Pioneer Charter School of Science in Everett, which was awarded a charter in February to open a second campus in Saugus, will begin its school year on Aug. 16 in the former Everett High School as workers build the school’s new facility in downtown Saugus.
The school plans to provide bus transportation to and from Everett to students from Danvers, Lynn, Peabody, Salem, and Saugus. Of the 180 students enrolled, 75 will come from Saugus, 65 from Lynn, and the other 40 from Salem, Peabody, and Danvers.
“It’s not the ideal scenario but this is the best we can do right now,” said Barish Icin, the executive director of Pioneer, which opened its first school in Everett in 2007.
Students of the new charter school could be in Everett until the end of 2013, according to a representative of the Charter Schools Development Corp., which would buy the Saugus location at 97 Main St., oversee the construction of a modular facility, and lease the space to Pioneer.
A lottery was held last Monday for both schools. According to Pioneer spokesman Dominic Slowey, there are currently 137 students on the waiting list for the new school and 438 for the flagship school in Everett.
Slowey said all parents who submitted an application for their children to attend the Saugus school were notified before the lottery that the school will be opening in Everett. He said bus schedules are still in the works for all students — including those from Danvers, Peabody, and Salem — but buses will arrive in Everett at 7:30 a.m. and leave school at 3:40 p.m.
Icin said the new charter school will pay the city of Everett $8,000 a month to rent 12 classrooms and office space at the old Everett High and have access to the gym. With no cafeteria, students would be given packaged lunches to eat in their classrooms.
The lease in Everett is set up in three-month renewable increments and began on Aug. 1. Everett has been working on a reuse plan for the old high school complex, which is located at 538 Broadway.
The Saugus school, called Pioneer Charter School of Science II, is planned for a 2-acre Main Street site now owned by Grace Ministries Church. Icin declined to state the terms of the purchase or the project’s construction costs.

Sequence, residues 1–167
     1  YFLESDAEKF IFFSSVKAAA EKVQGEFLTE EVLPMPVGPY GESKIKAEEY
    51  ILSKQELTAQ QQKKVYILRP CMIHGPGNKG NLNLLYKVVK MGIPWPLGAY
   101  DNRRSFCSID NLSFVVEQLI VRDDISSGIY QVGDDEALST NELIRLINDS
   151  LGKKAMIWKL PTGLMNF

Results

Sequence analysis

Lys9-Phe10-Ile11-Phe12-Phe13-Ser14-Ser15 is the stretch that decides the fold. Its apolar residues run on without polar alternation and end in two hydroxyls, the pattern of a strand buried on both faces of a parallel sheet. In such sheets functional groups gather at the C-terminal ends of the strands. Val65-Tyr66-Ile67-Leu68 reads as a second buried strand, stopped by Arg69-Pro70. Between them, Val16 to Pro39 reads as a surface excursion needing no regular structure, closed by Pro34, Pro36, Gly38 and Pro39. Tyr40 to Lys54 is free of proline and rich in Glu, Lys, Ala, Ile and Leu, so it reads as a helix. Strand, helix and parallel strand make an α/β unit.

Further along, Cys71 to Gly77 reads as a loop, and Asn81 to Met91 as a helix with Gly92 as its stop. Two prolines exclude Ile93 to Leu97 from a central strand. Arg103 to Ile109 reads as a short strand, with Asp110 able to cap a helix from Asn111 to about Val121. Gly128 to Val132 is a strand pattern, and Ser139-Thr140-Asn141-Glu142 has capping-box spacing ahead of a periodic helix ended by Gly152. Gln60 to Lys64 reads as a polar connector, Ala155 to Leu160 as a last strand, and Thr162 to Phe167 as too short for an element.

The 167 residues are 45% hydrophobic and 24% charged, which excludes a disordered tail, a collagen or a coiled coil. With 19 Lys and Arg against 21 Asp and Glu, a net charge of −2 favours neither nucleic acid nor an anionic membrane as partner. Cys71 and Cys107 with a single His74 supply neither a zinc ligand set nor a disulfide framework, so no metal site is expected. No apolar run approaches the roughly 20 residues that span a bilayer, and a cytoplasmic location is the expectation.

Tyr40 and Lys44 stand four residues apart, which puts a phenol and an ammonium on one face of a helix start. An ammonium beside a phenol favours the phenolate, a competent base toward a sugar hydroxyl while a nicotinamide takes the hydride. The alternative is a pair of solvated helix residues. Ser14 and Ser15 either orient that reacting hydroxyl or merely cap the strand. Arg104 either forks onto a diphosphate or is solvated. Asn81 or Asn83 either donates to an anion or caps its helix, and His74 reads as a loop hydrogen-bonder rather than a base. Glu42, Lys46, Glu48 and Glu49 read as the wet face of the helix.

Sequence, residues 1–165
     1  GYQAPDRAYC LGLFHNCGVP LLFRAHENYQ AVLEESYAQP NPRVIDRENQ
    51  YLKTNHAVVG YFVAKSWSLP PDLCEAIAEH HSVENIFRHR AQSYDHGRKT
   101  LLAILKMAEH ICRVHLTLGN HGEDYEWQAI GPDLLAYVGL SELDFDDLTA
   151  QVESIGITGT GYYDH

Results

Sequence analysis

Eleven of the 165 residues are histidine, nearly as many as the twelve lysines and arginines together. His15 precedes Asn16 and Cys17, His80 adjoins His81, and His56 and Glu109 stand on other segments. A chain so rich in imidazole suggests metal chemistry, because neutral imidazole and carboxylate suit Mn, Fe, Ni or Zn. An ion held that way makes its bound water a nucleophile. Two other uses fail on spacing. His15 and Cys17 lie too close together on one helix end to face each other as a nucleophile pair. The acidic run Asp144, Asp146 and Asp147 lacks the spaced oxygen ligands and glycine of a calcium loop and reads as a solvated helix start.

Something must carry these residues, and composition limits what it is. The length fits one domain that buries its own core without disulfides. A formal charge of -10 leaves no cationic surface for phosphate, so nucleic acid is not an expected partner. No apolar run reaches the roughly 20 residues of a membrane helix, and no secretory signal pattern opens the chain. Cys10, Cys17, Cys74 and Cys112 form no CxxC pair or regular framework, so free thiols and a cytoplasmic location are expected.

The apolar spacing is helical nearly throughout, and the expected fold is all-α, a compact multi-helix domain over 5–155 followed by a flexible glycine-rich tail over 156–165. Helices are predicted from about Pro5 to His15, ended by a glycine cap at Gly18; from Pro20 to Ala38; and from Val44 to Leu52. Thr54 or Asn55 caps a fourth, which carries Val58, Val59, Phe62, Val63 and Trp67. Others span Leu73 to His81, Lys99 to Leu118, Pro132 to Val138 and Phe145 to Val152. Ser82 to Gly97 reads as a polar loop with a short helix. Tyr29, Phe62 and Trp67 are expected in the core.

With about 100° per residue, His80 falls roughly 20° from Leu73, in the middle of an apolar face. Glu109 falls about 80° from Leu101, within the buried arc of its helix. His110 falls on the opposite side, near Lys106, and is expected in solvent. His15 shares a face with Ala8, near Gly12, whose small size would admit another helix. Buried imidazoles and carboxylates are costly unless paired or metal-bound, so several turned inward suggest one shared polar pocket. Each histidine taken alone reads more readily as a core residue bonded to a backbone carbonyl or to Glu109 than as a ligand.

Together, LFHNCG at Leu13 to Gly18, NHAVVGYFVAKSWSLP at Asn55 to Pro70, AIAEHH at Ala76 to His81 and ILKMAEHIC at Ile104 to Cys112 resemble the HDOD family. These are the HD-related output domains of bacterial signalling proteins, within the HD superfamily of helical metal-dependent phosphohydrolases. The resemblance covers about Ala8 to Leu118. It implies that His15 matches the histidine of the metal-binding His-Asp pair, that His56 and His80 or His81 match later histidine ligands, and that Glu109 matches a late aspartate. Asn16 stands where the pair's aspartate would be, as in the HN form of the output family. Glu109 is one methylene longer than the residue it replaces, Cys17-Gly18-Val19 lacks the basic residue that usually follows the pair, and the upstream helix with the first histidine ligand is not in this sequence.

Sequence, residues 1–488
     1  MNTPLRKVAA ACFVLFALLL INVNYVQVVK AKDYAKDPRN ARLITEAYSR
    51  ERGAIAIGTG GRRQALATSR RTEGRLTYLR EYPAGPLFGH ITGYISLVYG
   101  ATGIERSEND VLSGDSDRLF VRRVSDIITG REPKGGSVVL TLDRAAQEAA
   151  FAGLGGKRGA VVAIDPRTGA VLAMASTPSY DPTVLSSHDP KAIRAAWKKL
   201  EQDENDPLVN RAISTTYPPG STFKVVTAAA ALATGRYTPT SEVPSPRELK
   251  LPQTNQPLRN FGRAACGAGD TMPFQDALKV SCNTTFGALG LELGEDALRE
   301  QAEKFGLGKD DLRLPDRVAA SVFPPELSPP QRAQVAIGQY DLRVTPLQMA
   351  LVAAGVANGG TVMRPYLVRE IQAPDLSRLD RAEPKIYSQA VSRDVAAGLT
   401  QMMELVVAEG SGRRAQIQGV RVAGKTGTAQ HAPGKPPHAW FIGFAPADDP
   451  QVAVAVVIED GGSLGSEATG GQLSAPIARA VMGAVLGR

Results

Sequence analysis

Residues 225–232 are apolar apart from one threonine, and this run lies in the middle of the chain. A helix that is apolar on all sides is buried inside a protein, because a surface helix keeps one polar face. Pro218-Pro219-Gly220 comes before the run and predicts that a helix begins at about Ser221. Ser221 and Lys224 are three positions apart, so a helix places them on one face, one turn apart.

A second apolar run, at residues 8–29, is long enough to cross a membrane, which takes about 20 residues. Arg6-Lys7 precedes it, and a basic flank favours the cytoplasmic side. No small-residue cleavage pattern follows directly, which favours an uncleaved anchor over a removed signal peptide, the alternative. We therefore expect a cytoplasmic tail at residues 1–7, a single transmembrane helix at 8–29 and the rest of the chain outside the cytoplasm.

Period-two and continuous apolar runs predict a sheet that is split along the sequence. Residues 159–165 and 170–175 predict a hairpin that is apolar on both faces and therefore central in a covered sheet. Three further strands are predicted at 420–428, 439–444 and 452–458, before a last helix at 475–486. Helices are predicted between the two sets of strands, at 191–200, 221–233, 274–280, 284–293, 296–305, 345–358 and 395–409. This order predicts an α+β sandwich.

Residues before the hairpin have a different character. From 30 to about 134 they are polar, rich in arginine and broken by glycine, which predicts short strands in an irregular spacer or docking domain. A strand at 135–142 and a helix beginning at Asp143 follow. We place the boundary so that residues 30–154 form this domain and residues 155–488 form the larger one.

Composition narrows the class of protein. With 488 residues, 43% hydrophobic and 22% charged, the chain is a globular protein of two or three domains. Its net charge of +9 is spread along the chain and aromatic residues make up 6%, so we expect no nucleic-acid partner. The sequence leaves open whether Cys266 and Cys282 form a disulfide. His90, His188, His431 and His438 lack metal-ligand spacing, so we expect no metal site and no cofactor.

The new school will be modeled after the Pioneer Charter School of Science in Everett, which received its charter renewal from the state last year. It will begin with grades 7, 8, and 9 and will add grades 10, 11, and 12 in the next three years to reach a capacity of 360 students.
Michelle Liberati, a vice president of Charter Schools Development Corp., said the nonprofit, based in Maryland, currently serves as owner and landlord for more than 30 US charter schools.
“We are moving forward with the project with every expectation that we will be able to secure the financing and deliver the project by the end of the calendar year at the latest,” she said.
Icin said he expects that construction will begin in the fall and the first phase of the facility would open by November. The building is slated to be a prefabricated, modular 40,000-square-foot structure. The first phase would be about 15,000 square feet, and would include 12 classrooms, 10 offices, and a cafeteria. Icin said the second phase would be built by next summer and would include as many as 23 additional classrooms and a wellness center/gym.
Slowey said the new Saugus school would have smart boards in classrooms, Wi-Fi, and mobile computer labs along with new science and computer labs. Pioneer plans to pay for the lease with tuition it receives from communities that send students to the school.
According to Icin, the new school’s budget for the academic year will be $2.6 million, with 21 teachers and administrators hired
Like the flagship Pioneer Charter School in Everett, the school’s academic year will be 200 days — Aug. 16 to June 20. Classes will run from 7:30 a.m. to 3:35 p.m., and the school will offer tutoring and homework makeup until 5:30 p.m.
In addition, the school also will offer voluntary Saturday classes for students who want extra help. To graduate, students must pass the MCAS test, and also pass five math and five science classes, while also completing a senior project and a 40-hour community service assignment.Steven A. Rosenberg can be reached at srosenberg@globe.
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